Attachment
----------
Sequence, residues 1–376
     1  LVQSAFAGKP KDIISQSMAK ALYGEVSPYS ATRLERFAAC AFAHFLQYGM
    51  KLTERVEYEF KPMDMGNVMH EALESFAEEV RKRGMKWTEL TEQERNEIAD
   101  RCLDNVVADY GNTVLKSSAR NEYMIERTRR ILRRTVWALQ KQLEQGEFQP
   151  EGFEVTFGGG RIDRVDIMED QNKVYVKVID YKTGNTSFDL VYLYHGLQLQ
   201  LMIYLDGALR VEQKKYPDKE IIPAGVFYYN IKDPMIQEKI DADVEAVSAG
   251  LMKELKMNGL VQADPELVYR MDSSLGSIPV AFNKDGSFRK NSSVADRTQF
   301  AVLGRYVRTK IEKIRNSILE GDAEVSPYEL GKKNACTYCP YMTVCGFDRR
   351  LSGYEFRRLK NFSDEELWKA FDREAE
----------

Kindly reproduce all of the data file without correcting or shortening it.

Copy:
Sequence, residues 1–376
     1  LVQSAFAGKP KDIISQSMAK ALYGEVSPYS ATRLERFAAC AFAHFLQYGM
    51  KLTERVEYEF KPMDMGNVMH EALESFAEEV RKRGMKWTEL TEQERNEIAD
   101  RCLDNVVADY GNTVLKSSAR NEYMIERTRR ILRRTVWALQ KQLEQGEFQP
   151  EGFEVTFGGG RIDRVDIMED QNKVYVKVID YKTGNTSFDL VYLYHGLQLQ
   201  LMIYLDGALR VEQKKYPDKE IIPAGVFYYN IKDPMIQEKI DADVEAVSAG
   251  LMKELKMNGL VQADPELVYR MDSSLGSIPV AFNKDGSFRK NSSVADRTQF
   301  AVLGRYVRTK IEKIRNSILE GDAEVSPYEL GKKNACTYCP YMTVCGFDRR
   351  LSGYEFRRLK NFSDEELWKA FDREAE